If you are the parent or guardian of a college student, the recent case of two University of Miami football players accused of raping a 17-year-old in a dorm room is chilling to think about. Nine out of 10 rape victims are women, according to the Rape, Abuse, and Incest National Network, and those under the age of 30 are at the greatest risk. Even more terrifying: 93% of young victims of sexual assault knew their attackers. On college campuses and other places with a large young adult population, the term “date rape” is unfortunately prevalent. Awareness leads to prevention and although the facts and statistics may be horrifying, it is important to understand rape and sexual assault and how to prevent them so you can feel safer about your college-aged children as they leave home.
Date rape and “acquaintance rape” both indicate that the victim was familiar with their attacker before the incident occurred. Both are particularly frightening, because the situation may begin with innocent fun and familiarity. Unfortunately, the addition of drugs or alcohol can turn an innocent party into a dangerous situation very quickly, especially with younger students who have little experience with parties, alcohol, and the opposite sex – a volatile combination. The relationship between such substances and date rape is why this form of assault is so prominent around college campuses, and why many victims of date rape are younger.
To raise date rape awareness, it is important to be aware of the techniques that would-be rapists often use. Alcohol alone can lead to a lack of motor functioning, confusion, or a loss of inhibition, but he addition of incapacitating substances, often referred to as “date rape” drugs, can intensify and hasten the reaction. Common date rape drugs, described in detail in womenshealth.gov, include rohypnol, commonly called “roofies,” Ketamine, and GHB. These drugs are available as liquids, powder, or pills that dissolve in liquid, making it simple to surreptitiously slip them into a victim’s drink. Effects can kick in relatively quickly after the drugging occurs, and include distorted perception, relaxation or drowsiness, loss of muscle control and other movements, and can lead to loss of consciousness, or blacking out. Larger doses can also lead to coma or death. Distortion and other similar effects make a victim more susceptible to rape, as they may not be aware of what is happening, or not have the control to defend themselves.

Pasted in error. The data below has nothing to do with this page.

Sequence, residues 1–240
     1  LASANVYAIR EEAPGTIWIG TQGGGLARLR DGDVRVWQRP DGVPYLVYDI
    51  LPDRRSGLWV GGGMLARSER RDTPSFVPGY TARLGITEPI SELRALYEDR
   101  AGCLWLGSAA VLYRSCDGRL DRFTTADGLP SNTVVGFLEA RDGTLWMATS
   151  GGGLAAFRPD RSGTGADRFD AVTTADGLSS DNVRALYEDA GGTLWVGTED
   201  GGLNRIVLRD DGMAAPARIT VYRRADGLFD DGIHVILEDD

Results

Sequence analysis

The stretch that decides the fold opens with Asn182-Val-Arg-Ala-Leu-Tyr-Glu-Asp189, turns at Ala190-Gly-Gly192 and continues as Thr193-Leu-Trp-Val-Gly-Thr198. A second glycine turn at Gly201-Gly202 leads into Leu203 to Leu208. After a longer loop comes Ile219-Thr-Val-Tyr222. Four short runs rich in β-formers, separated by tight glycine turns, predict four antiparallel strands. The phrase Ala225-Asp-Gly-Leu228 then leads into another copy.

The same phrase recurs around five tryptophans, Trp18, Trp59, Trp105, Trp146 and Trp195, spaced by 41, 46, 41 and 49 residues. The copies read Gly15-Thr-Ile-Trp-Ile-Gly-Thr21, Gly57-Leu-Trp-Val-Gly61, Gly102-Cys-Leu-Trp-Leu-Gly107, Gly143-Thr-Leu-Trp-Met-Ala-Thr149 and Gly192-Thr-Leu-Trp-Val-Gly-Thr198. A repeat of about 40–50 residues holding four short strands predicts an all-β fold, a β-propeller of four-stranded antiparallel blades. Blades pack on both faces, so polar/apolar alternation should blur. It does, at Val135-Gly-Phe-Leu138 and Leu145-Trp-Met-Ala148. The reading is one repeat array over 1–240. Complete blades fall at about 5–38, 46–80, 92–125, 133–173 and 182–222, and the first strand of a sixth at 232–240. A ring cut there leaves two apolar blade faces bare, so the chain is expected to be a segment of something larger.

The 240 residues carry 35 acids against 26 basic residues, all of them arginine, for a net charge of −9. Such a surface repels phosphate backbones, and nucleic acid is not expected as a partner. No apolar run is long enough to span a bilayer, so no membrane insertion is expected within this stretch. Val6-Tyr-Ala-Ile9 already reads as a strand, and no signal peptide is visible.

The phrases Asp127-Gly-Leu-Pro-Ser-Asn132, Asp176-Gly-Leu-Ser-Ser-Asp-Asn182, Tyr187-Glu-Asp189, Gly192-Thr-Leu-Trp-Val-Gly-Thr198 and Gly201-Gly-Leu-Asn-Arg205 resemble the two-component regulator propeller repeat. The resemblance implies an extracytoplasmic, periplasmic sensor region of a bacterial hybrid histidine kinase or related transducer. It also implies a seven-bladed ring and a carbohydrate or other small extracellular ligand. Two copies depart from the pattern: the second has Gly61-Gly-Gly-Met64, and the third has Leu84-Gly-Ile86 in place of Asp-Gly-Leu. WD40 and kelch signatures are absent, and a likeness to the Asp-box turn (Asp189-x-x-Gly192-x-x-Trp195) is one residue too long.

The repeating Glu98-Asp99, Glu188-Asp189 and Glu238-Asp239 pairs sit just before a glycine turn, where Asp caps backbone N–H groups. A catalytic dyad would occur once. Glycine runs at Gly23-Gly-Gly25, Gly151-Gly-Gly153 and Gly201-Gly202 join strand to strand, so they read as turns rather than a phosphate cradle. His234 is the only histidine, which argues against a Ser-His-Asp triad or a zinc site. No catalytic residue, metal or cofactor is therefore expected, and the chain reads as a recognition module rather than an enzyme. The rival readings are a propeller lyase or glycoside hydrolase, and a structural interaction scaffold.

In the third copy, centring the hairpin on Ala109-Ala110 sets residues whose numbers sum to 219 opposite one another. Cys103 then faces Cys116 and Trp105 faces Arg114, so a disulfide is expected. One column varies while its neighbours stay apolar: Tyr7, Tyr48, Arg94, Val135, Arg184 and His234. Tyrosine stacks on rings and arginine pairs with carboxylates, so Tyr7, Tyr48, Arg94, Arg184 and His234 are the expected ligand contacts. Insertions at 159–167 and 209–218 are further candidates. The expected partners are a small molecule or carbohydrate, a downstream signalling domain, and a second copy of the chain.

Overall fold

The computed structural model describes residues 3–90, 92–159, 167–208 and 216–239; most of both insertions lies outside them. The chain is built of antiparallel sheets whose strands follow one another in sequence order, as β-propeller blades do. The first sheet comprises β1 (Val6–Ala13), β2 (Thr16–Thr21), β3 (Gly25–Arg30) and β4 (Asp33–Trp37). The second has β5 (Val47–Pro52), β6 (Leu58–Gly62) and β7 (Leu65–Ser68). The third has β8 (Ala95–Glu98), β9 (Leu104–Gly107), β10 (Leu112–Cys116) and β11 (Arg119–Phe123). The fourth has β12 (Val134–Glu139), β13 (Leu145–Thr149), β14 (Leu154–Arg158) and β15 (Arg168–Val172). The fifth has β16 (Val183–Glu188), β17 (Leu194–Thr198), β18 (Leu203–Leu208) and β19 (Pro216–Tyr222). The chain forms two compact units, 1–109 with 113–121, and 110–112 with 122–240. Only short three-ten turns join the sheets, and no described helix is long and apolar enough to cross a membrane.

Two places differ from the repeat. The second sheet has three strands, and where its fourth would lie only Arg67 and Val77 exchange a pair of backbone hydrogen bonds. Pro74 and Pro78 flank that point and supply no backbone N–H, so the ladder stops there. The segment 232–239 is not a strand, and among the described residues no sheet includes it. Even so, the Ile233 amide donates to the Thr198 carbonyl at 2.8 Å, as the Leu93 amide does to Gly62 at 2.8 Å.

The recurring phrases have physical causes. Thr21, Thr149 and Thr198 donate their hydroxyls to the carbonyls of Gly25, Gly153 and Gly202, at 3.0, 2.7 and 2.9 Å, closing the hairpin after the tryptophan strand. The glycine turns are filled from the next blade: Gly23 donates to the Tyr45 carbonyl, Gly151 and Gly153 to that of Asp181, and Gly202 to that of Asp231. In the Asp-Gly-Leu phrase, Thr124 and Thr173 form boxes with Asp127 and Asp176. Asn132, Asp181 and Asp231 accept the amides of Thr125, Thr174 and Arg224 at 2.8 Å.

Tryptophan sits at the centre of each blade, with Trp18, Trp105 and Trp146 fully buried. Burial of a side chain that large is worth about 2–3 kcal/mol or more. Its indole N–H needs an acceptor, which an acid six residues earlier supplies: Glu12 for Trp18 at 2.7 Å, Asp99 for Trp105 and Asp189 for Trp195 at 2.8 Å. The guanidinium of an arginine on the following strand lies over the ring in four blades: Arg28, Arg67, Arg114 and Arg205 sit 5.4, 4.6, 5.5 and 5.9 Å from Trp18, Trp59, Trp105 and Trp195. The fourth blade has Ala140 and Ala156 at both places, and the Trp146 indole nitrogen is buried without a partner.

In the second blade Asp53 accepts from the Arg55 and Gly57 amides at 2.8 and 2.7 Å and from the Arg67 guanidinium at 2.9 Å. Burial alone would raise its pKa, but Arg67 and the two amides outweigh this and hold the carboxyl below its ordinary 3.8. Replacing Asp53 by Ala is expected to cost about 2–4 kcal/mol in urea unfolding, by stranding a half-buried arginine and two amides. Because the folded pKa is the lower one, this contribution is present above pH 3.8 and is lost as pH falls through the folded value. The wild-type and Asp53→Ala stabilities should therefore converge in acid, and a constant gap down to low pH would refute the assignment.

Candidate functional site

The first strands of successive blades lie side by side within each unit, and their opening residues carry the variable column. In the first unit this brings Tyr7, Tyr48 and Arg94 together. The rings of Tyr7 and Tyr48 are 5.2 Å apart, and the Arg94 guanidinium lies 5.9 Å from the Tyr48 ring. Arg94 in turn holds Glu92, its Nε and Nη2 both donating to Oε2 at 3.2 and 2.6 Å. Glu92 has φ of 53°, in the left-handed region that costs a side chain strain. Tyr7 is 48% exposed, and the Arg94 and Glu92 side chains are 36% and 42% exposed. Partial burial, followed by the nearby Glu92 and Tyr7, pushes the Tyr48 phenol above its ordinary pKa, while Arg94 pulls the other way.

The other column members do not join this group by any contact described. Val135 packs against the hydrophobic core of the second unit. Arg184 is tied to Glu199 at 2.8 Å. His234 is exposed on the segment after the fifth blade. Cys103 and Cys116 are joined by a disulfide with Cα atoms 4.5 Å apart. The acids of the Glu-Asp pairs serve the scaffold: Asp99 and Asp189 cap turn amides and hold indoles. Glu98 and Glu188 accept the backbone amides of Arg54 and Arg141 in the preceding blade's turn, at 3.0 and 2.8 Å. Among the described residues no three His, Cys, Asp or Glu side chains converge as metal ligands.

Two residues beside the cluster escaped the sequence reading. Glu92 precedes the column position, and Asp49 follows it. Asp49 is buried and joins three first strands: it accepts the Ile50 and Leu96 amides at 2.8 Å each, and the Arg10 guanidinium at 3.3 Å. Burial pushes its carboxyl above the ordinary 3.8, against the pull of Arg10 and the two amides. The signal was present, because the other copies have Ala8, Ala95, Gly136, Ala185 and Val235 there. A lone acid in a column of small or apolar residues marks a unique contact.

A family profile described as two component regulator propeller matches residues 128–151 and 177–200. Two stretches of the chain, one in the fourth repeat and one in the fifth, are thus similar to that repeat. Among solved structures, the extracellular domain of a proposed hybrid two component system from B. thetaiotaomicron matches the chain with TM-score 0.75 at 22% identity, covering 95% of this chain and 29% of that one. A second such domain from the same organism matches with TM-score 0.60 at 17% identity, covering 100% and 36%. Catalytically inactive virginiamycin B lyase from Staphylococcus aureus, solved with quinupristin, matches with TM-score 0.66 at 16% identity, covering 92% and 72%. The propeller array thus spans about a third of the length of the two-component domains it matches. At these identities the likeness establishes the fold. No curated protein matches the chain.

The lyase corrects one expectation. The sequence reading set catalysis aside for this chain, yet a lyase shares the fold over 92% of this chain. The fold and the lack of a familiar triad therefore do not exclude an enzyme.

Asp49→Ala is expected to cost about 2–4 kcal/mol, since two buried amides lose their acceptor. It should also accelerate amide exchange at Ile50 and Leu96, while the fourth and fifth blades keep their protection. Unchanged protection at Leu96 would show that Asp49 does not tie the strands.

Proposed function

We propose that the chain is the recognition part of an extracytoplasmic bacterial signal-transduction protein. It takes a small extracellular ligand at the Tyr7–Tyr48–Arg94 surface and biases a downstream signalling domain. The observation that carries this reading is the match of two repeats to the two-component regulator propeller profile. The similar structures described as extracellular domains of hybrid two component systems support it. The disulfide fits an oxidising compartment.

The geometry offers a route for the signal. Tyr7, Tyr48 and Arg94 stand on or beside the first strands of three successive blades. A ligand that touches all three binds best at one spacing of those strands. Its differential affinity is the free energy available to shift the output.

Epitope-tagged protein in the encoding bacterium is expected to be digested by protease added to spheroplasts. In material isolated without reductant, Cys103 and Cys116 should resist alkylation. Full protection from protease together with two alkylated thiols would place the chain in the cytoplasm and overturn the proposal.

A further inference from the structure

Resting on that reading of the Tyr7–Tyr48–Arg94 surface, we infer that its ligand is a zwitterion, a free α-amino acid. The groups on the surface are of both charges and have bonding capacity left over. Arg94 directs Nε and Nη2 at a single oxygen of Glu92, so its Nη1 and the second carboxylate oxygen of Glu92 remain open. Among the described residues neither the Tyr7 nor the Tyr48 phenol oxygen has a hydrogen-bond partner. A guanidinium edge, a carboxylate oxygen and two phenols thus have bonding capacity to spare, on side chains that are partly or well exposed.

Protecting your child against date rape includes educating them on the dangers of alcohol and drug impairment, even if they are considered old enough to take care of themselves. Even if your child is of legal drinking age, be sure they are aware of date rape drugs, and know not to leave their drink unattended. Some straws and cups are being developed that can detect the addition of drugs in liquids, but these are not yet readily available. Encourage your student to employ the buddy system, attending social events with trusted friends. Teach them be alert to potentially dangerous surroundings and get out of any situation that seems toxic. Make sure they know the number of a local cab company, in case they need to get away from a party or club, but don’t want to drive with intoxicated friends.
Victims of Sexual Assault can Contact Sibley Dolman Gipe Accident Injury Lawyers, PA
Victims of sexual assault are often hesitant to make accusations, but the assistance of an experienced sexual assault attorney is vital to receiving the defense and compensation victims deserve for their physical and emotional trauma. If you or someone you know has been the victim of a sexual assault, schedule a free consultation with the Sibley Dolman Gipe Accident Injury Lawyers, PA at 727-451-6900, where sexual assault cases are handled with diplomacy, tact, and confidentiality.
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